2. THE PHOTOGRAPHER
For me, it's an experiment. When I started studying my Masters in Photojournalism & Documentary Photography, I was aspiring to hone my skills in a Reuters/AP sort of direction. But after exposure to multitudes of work that take an expansive and diverse range of approaches to photography, this is my attempt to expand my own practice outwards into interrogation and ideas, which have always interested me as much as images have. I'm not sure where this leads, at this point, but it feels like a productive and interesting place to be right now, while I have the luxury of time to explore.
In 2012, fresh out of an undergraduate degree in English Literature, I wanted to apply to the MA Photojournalism & Documentary Photography course at London College of Communication. I had just moved to Australia and had grand designs for my photographic future and no idea how to get there.
In 2014, having spent some time finding my London legs after moving between three continents for two years, I was ready to apply again. I showed up at the open day, asked a bunch of relevant questions, and went back to my day job.
In 2016, I finally did it: applied, left my job, and I am now two weeks away from the halfway point of the degree.
There a few things that spring to mind out of recounting this experience and I want to remind myself of them as I move forward in 2017:
- Time takes time - a lot of learning only comes through living through the experiences to get to the other side.
- The right time isn’t always when you expect it to be - I am convinced that had I applied for this degree in 2012 and 2014, I would not have the stomach that I have for it now.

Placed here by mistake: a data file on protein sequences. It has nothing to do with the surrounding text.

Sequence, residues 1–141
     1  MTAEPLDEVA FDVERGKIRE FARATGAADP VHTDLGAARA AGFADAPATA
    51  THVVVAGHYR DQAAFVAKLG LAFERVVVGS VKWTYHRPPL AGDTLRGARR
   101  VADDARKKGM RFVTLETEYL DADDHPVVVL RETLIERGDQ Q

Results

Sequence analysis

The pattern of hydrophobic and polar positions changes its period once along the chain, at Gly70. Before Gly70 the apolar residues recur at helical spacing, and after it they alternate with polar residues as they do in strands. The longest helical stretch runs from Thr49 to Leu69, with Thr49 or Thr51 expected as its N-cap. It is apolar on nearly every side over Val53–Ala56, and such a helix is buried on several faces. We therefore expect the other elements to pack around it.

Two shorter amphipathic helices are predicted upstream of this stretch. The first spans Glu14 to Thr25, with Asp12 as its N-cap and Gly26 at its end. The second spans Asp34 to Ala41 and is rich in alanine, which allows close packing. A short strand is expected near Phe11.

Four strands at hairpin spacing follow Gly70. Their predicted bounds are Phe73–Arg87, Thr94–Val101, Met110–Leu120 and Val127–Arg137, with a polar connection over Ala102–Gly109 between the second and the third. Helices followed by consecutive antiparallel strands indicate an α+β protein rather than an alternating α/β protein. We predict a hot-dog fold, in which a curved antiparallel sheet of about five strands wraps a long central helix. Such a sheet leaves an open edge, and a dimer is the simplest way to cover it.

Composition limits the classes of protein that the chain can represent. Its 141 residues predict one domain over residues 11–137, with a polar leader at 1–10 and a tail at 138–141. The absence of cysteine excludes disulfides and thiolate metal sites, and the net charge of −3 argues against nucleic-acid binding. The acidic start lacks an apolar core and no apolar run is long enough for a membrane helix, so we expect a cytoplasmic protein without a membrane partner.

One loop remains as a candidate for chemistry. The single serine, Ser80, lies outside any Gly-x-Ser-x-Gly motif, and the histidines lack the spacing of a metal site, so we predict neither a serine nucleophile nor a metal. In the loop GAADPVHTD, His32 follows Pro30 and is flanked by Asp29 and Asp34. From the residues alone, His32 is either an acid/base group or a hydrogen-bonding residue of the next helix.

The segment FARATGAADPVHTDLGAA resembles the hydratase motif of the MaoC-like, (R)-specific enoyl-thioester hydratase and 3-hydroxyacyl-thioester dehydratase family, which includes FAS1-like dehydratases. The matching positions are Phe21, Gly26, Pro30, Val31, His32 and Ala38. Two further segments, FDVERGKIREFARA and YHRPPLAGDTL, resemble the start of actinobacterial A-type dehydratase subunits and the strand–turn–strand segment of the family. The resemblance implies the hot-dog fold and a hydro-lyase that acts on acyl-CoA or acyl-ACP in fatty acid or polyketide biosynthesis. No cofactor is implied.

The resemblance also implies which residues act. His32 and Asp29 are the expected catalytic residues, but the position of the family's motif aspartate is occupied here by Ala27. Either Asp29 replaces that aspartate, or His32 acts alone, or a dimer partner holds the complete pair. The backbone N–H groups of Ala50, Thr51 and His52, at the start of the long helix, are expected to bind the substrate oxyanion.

- The ‘other side’ moves as soon as you get there, and that’s no bad thing - I began this course wanting a career in Reuters/PA-style reportage, and now find my practice veering off in exciting but very unexpected directions.
The one thing that has been consistently true though is that I write. Sometimes it is a means of creative exploration - trying new forms, working on short fiction to explore ideas. Sometimes it is a means of capturing experiences as they happen - diaries, blogs, moments snatched on notebooks. Sometimes it’s a form of thinking through something that is not yet clear, and sometimes it’s a means to produce a well-considered, well-researched, in-depth piece on something of interest that isn’t necessarily personal or in any way explicitly connected to the writer.
At this moment, in 2017, I have decided it might now be the right time to start writing publicly again in the form of this blog.
This is going to be a space for exploration. If you are looking for more clean-cut, well-thought-through, microwave-ready thoughts, they can be found on my Medium account. If you’re as interested in WIP as I am, then I do hope you’ll join me here for the ride.